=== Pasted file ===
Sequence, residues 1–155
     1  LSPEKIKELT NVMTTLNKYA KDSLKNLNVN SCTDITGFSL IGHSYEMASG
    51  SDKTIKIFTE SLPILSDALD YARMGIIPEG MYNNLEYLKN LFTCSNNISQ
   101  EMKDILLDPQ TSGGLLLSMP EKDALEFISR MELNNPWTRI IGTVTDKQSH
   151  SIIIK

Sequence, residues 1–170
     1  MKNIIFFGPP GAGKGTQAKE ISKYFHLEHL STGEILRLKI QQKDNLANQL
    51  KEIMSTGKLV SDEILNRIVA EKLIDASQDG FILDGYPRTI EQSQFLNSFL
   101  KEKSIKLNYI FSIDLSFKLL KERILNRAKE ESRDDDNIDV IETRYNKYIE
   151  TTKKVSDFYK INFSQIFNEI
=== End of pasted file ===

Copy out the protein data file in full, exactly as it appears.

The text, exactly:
Sequence, residues 1–155
     1  LSPEKIKELT NVMTTLNKYA KDSLKNLNVN SCTDITGFSL IGHSYEMASG
    51  SDKTIKIFTE SLPILSDALD YARMGIIPEG MYNNLEYLKN LFTCSNNISQ
   101  EMKDILLDPQ TSGGLLLSMP EKDALEFISR MELNNPWTRI IGTVTDKQSH
   151  SIIIK

Sequence, residues 1–170
     1  MKNIIFFGPP GAGKGTQAKE ISKYFHLEHL STGEILRLKI QQKDNLANQL
    51  KEIMSTGKLV SDEILNRIVA EKLIDASQDG FILDGYPRTI EQSQFLNSFL
   101  KEKSIKLNYI FSIDLSFKLL KERILNRAKE ESRDDDNIDV IETRYNKYIE
   151  TTKKVSDFYK INFSQIFNEI